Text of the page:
Sexual frequency is a telltale for the health of a relationship
And it’s different in a marriage than cohabitation – a lot different
The outcome of most research approximates this rule of thumb: 80% of the findings confirm what we already knew; 10% confirms what we thought we knew; and 10% tells us something we didn’t know. And the insights are in the last 10%. Such is the case in this study, Sexual Frequency and the Stability of Marital and Cohabiting Unions.
Sexual activity is higher in cohabitation, at about 12 times per month compared to only 7 times per month for marriages.
The title alone leads to one nodding her or his head and saying, ‘Yeah, no shit. If the sex declines the relationship is in trouble.’ We all already know that. But the insight is in the 10+10% (the thought we knew or didn’t know), a decline in sex in a marriage is not as strong a predictor of break up as in co-habitation. So if you’re cohabiting and your sexual activity is declining, break up could be more likely; however, if you’re married, relax, odds are in your favor you can fix it – twice a week makes you ‘average,’ not that anyone wants to be average when it comes to sex.
Sexual frequency in marriage is less important than it is in cohabitation.
The higher frequency of sexual activity in cohabitation versus marriage shouldn’t be a surprise, what with most cohabitors being younger, fewer with kids and other marital distractions. But they have to keep it up because dipping below the average could be a telltale of dissatisfaction and other problems, which lead to dissolution.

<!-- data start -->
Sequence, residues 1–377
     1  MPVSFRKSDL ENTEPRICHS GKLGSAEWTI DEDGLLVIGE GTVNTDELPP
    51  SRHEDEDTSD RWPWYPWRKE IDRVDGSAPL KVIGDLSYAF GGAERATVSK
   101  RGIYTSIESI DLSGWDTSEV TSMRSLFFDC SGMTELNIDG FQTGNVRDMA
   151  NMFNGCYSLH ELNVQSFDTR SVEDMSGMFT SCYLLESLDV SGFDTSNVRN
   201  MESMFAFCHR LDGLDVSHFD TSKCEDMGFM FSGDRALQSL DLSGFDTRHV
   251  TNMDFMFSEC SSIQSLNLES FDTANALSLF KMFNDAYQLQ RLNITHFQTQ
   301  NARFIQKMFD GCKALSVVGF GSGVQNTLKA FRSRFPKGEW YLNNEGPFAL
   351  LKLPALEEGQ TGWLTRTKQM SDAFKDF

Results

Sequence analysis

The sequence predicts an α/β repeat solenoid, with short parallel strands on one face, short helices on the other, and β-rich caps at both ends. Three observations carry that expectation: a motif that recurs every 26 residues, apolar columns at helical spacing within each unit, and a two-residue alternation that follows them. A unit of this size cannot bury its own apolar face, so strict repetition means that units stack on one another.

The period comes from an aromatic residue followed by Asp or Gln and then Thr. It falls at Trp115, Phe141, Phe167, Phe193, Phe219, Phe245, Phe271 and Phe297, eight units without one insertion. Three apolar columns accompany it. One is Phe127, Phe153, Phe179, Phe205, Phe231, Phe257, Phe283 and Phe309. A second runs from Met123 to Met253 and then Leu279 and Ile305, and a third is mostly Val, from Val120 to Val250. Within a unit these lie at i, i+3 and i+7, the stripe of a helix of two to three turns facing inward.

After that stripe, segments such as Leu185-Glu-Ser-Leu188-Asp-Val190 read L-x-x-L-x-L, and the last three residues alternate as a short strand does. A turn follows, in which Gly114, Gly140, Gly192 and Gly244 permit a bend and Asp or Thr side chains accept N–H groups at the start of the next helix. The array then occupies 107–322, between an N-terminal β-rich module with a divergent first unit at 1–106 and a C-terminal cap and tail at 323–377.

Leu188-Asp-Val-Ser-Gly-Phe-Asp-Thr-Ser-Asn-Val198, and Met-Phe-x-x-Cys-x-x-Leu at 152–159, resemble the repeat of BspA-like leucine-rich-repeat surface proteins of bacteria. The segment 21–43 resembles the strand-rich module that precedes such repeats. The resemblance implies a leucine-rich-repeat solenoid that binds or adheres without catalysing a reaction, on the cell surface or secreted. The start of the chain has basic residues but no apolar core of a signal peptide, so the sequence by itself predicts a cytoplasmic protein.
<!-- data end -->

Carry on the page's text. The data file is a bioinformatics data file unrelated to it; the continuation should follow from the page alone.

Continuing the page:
Obviously, everyone is different but after settling into a relationship, married or not, most couples have their own ‘average’ and that should be the benchmark. Not dipping below your own average will mean less chance of breakup. And marriage itself, despite all its entanglements (finance, religion, children), eventually doesn’t protect the relationship if the sex declines.
The loss of sex is a losing battle.
When partners have higher sexual frequency, the rate of cohabitation dissolution is significantly lower.
For those who are curious enough, and information addicts, you can read the theory, statistics and graphs in the study, for which we have inserted a link to a downloadable .pdf file.
Sexuality occupies a more prominent role in cohabitation than marriage, and poor sexuality within cohabitation is more likely to lead to dissolution.
Sexual Frequency study
The study really just confirms what we thought we knew, but it’s an important confirmation. Because without the bonds and vows of marriage, cohabitation has a much greater chance of ending when the sex declines.
So if you’re cohabiting but aren’t ready for either breakup or marriage, don’t let the frequency of your sexual activity decline.
The cautionary operating principle is: “Keep it up!”
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